Saffron an aphrodisiac

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saffron aphrodisiac

Saffron is a spice derived from the flower of the saffron crocus (Crocus sativus), a species of crocus in the family Iridaceae. The flower has three stigmas, which are the distal ends of the plant's carpels. Together with its style, the stalk connecting the stigmas to the rest of the plant, these components are often dried and used in cooking as a seasoning and colouring agent. Saffron, which has for decades been the world's most expensive spice by weight, is native to Southwest Asia. It was first cultivated in the vicinity of Greece.

Saffron is characterised by a bitter taste and an iodoform- or hay-like fragrance; these are caused by the chemicals picrocrocin and safranal. It also contains a carotenoid dye, crocin, that gives food a rich golden-yellow hue. These traits make saffron a much-sought ingredient in many foods worldwide. Saffron also has medicinal applications.

The word saffron originated from the 12th-century Old French term safran, which derives from the Latin word safranum. Safranum is also related to the Italian zafferano and Spanish azafrán. Safranum comes from the Arabic word aṣfar (أَصْفَر‎), which means "yellow," via the paronymous za’farān (زَعْفَرَان‎), the name of the spice in Arabic.

Saffron tastes bitter and contributes a luminous yellow-orange coloring to foods. Because of the unusual taste and colouring it adds to foods, saffron is widely used in Persian, Arab, Central Asian, European, Indian, Iranian, Moroccan and Cornish cuisines. Confectionaries and liquors also often include saffron. Medicinally, saffron has a long history as part of traditional healing; modern medicine has also discovered saffron as having anticarcinogenic (cancer-suppressing), anti-mutagenic (mutation-preventing), immuno-modulating, and antioxidant-like properties. Saffron has also been used as a fabric dye, particularly in China and India, and in perfumery.

According to medical studies, saffron can be used to treat depression. Beware though that too much dosage of this spice can prove lethal to one’s health. The typical dose of saffron used to treat depression was 30 mg per day, divided in two doses. At this low level, some studies found no side effects. Saffron has also been shown to be a form of sedative for some types of pain. Other research suggests that saffron may be useful for preventing cancer. The bright yellow pigment (crocetin, an unusual carotenoid) has strong antioxidant properties, and is being tested for other biological effects. Other medicinal uses of saffron includes: fevers, cramps, enlarged livers, whooping cough, gas pains, gastrointestinal colic, insomnia, asthma, anemia, hemorrhoids, headaches, and several others which are mostly anecdotal.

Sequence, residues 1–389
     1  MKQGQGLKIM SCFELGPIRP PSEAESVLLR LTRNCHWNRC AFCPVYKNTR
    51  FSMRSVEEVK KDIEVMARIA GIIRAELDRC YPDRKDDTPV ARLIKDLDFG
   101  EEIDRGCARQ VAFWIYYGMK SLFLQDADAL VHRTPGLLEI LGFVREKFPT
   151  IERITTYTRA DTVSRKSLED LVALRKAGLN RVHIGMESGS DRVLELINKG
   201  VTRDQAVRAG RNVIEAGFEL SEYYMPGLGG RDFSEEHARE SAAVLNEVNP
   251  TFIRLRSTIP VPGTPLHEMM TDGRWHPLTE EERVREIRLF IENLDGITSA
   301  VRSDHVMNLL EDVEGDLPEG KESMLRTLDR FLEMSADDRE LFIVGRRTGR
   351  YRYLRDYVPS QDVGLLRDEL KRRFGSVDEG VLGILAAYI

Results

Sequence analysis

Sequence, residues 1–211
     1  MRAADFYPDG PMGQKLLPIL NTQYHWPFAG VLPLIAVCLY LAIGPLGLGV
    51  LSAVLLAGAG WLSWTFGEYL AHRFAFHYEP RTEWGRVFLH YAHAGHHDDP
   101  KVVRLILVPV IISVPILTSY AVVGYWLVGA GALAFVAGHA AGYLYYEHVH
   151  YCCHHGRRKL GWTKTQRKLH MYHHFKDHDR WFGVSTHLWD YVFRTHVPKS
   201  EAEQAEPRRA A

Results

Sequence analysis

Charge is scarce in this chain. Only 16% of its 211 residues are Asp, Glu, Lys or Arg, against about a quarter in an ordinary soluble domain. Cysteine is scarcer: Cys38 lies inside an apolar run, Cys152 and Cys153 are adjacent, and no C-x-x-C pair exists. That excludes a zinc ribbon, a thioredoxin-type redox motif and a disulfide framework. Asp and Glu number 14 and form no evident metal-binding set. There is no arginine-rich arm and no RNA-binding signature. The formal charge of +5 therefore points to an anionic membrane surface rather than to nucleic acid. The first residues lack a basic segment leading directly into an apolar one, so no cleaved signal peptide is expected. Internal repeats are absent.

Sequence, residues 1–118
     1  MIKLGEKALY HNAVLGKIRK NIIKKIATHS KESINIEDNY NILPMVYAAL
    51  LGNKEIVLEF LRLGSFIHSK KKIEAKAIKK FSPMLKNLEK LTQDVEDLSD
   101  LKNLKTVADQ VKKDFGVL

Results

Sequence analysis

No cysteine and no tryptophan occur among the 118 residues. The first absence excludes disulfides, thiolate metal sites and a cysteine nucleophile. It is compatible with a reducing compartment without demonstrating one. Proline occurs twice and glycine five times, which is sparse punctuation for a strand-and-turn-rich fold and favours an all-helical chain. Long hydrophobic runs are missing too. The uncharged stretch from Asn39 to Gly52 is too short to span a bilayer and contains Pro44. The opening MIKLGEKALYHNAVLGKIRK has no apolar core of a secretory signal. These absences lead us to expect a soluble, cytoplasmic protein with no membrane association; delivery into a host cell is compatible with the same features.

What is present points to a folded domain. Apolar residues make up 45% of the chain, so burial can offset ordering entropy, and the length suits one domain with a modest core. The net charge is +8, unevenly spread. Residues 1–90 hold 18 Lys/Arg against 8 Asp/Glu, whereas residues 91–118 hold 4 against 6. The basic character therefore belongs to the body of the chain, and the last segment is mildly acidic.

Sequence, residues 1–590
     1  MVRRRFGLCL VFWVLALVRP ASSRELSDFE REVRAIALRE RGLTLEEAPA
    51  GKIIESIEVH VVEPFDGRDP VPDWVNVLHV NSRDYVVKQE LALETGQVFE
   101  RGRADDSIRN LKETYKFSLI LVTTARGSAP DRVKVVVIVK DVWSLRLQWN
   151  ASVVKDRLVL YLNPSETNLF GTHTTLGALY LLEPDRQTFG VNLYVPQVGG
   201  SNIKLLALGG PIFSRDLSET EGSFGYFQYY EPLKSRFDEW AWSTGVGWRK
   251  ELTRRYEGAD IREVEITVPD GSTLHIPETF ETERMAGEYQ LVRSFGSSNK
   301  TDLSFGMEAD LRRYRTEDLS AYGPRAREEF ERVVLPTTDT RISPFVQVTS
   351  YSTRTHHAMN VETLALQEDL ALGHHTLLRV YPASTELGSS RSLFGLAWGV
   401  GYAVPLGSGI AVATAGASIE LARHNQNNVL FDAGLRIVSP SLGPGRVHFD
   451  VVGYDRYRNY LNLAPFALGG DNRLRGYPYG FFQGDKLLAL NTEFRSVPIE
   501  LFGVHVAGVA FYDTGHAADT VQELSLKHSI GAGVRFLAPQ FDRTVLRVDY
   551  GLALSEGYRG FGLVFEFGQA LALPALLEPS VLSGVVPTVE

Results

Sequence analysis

Historically, saffron played an essential part in the arena of ancient medicine and magical potions. Besides its value as spice and dye to clothing, the Assyrians during 7th century BC documented saffron’s use in the treatment of some 90 illnesses. Minoans portrayed saffron in their palace frescoes by 1500–1600 BC, showing saffron's use as a therapeutic drug. Ancient Mediterranean people—including perfumers in Egypt, physicians in Gaza, townspeople in Rhodes, and the Greek courtesans—used saffron in their perfumes, ointments, potpourris, mascaras, divine offerings, and medical treatments. In late Hellenistic Egypt, Cleopatra used saffron in her baths so that lovemaking would be more pleasurable, while Egyptian healers used saffron as a treatment for all varieties of gastrointestinal ailments. Aulus Cornelius Celsus, of Rome, prescribed saffron in medicines for wounds, cough, colic, and scabies, and in the mithridatium. It has been ritually offered to divinities, used in dyes, perfumes, medicines, body washes, scattered across beds, and mixed into hot teas as a curative for bouts of melancholy by ancient Persians during the 10th century BC. During his Asian campaigns, Alexander the Great used Persian saffron in his infusions, rice, and baths as a curative for battle wounds. Alexander's troops mimicked the practice and brought saffron-bathing back to Greece. Ancient Chinese medical texts were also found to document Saffron’s use in treating various medical disorders including impotence.

Part of saffron’s magical property is the enhancement of “lust”. Given that the medical findings show saffron as a substance capable of affecting the neurotransmitters, perhaps saffron may in fact be an aphrodisiac. Its ingestion is found to be a soothing relaxant capable of lowering blood pressure and stimulating the respiration. Perhaps, it could also contain properties that stimulate the libido and the erogenous zones. Some attest to its sexual properties which they believe is most effective when used by women.


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